• Demand openness and public accountability.

  • Require teachers to post their course materials online. Require them to include the titles and publishers of required classroom and outside reading. Require them to post online their methodology of grading and evaluating classroom material. Require them to be more precise in their online curriculum vitia.

  • Require colleges and universities to post a list of supported student organizations online, complete with their charters and membership requirements.

  • Include a posting online of the rules for establishing new organizations acceptable to the college. Post the final evaluation of new organizations, both accepted and rejected, with a list of the members that voted both for and against.

  • Encourage those active in the Internet community to post an alternative to every course, class, lecture, and lesson online, complete with the same information required of colleges and universities.

  • Give every student a chance to find information on every subject from a different source other than the one pushed by the college or university. Create an index of course material by subject, including multiple entries from different perspectives. Use extensive external links, book lists, article lists, and original research. Encourage those that use the material to donate to the author, to encourage the maintenance, update, and continued presence of the alternative and additional material.

Colleges and universities have a monopoly only as long as we allow them to. Just as the best course of action to gain excellence in industry is to promote competition, this method will be the best way to force excellence in education.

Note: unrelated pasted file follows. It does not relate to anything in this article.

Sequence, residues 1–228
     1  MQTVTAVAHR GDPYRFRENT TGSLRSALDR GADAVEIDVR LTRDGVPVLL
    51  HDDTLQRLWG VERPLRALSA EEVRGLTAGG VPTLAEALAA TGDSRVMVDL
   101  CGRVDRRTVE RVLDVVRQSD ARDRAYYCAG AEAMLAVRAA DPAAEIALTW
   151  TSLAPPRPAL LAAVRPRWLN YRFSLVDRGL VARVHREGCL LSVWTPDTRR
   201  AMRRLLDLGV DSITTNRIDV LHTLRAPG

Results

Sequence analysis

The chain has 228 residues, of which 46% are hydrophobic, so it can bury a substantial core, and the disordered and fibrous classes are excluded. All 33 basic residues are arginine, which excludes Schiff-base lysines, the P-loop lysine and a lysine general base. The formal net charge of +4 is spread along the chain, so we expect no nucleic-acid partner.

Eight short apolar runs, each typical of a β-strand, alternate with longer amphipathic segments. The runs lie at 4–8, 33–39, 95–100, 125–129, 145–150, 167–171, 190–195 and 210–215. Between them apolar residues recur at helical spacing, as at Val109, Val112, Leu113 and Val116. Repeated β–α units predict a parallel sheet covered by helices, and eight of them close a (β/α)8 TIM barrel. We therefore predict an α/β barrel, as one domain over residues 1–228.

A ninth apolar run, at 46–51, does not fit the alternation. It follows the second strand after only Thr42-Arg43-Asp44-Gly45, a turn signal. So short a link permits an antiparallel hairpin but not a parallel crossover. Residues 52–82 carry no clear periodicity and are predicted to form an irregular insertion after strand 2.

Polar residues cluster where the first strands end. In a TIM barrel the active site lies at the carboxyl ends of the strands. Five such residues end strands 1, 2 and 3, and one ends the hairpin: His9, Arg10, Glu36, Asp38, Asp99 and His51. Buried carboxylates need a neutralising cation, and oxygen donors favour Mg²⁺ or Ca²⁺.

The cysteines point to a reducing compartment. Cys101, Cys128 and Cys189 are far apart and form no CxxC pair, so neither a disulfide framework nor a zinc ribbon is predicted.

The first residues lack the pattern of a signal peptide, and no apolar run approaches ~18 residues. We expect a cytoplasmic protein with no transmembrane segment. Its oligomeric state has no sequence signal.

None of these steps will be effective on its own. It's either all or nothing. Together, however, they can force colleges and universities to both enter the 21st century, and bring the same type of accountability to "soft" subjects that are currently required for the sciences.

Once colleges and universities have been forced to compete, the next goal should be alternatives and competition in elementary and secondary education.

College, University, elementary and secondary education are only a few areas where alternatives and competition from the Web would be good. There is no field in which learning can take place that should be exempt, from flower aranging to hobbies and crafts, from home decor to music appreciation, from household chores to financial management. Some of the information is available, but difficult to dig out of a huge Google search with 10 million hits. There will need to be some form of review, validation, and indexing to reduce the confusion caused by hunting for a tiny nugget of information which might possibly be found within a list of a thousand sources. I think once the idea starts rolling, however, it will grow and expand on its own.

Ward Churchill would find it extremely difficult to spew his idiocy if there were readily available sources from hundreds of others to refute his assertions and call attention to his lack of research. With alternative information available, colleges and universities would be more hesitant to promote such charlatains to positions of prominence. People who can't afford to take the time to attend classes, or who can't afford the ever-spiraling cost of education would have an alternative they could trust. The overall effect would be to strengthen the entire education establishment.